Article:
June 17, 2011 12:16:00 PM
It''s become an often-expressed sentiment.
Still, it''s no less true: Children today are facing harsh realities we wouldn''t have imagined even a decade ago.
Peer pressure is a stronger, less conquerable force, amplified by texting, tweeting and social media like Facebook.
In Mississippi, an inordinate number of children are being raised in single-parent households by mothers working multiple jobs to make ends meet.
Even in two-parent homes, less time is spent on parenting.
Children lash out.
Pent-up aggression and, sometimes, violence learned at home makes its way to the classrooms and the streets.
For children whose home lives are unhealthy, school and community programs are where we can begin to reclaim our youth, where we can show them there is a better way of life.
Thursday, well-meaning community activists tried to instill those ideas in students at Columbus Middle School, with a Stop the Violence youth summit.
The motivational talks, though well-intentioned, likely will not have a lasting effect; they probably sounded better to the adults than the students.
How many sixth-, seventh- and eighth-graders really will change their way of thinking after hearing thread-bare phrases spouted during an hour-long assembly?
We challenge these community leaders to join forces and create more substantive programs that can impact these young lives. Those same students preached to about role models and violence would get so much more from a change of scenery --away from the environment that has helped create problem -- such as a summer-long program or, better yet, a week-long camp in which children, with guidance from positive role models, could experience the outdoors and engage in an interactive dialogue that would better equip them to withstand the challenges they face.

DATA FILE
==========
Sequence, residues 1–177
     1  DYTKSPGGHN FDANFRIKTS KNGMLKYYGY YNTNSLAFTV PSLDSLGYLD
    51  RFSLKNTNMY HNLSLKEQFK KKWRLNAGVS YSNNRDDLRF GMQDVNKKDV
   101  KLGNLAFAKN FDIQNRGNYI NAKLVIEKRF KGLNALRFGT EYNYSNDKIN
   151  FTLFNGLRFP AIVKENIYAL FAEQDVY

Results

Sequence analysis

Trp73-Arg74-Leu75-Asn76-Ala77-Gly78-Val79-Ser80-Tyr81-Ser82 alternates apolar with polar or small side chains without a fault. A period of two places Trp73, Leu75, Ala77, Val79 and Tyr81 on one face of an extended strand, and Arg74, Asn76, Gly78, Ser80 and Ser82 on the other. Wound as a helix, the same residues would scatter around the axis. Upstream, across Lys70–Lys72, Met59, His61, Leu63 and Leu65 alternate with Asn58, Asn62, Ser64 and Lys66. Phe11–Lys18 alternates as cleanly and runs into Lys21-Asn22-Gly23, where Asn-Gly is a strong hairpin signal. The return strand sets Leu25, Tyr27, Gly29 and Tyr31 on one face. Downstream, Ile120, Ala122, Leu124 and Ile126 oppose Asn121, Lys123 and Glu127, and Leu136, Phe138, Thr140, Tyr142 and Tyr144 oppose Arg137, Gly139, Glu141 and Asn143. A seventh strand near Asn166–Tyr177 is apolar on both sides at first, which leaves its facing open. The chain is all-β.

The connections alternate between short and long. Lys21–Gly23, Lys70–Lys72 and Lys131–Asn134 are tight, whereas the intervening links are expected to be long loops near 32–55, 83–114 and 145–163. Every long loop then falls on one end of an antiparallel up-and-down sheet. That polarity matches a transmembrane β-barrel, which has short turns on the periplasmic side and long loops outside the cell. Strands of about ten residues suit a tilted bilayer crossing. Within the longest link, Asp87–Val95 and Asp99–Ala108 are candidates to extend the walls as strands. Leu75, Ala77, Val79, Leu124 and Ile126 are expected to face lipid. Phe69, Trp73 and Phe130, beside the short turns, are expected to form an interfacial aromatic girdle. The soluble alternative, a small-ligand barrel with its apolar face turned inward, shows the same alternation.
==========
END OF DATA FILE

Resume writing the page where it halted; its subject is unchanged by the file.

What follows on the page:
It''s in these types of settings where children can open up about the troubles they face and also are responsive to mentors and new friendships.
Maybe a camp isn''t the solution we need to break through the thick shell kids can build up and to show them how to make positive choices. But it''s one of many options bound to be more effective than just talking at them.
Building positive behavior in children starts at home. When it doesn''t, schools, churches and the community are left to either pick up the slack or likewise fail our youth.
And, they need much more than a pep talk.
frank commented at 6/18/2011 9:02:00 AM:
Don't over think it. Children need parents that themselves set a good example and are willing to dole out reward and punishment as required. It takes a lot of work and love to raise children no matter if it is 1812 or 2012. The "village" of schools, churches, and community, taking up the slack is mostly just liberal babble.
bmcd1234 commented at 6/28/2011 11:50:00 PM:
When I'm out with my kids at the park or McDonalds or somewhere else. I can't believe the parents that just let their children go, they drop them off or just don't pay any attention to what they are doing. Leaving someone else to tell their kids when they are being too rough, or don't hit, or don't kick, or don't bite my child. Sure some of us try our best to instill good behaviors in our children, and then they turn around and some other kid is climbing on top of the playground or tearing it up. Ive seen them do it right in front of their parents or the parents talking away not paying them any attention. It's true that their greatest examples are their parents, so it just makes me think how these parents act. People use churches or any get together for a free babysitter.
1. Voice of the people: Roger Wade LETTERS TO THE EDITOR (VOICE@CDISPATCH.COM)
2. Voice of the people: Jeff Turnage LETTERS TO THE EDITOR (VOICE@CDISPATCH.COM)
3. Voice of the people: Berry Hinds LETTERS TO THE EDITOR (VOICE@CDISPATCH.COM)
4. Our View: State flag is bad for Mississippi's brand DISPATCH EDITORIALS
5. Leonard Pitts: A speech for history NATIONAL COLUMNS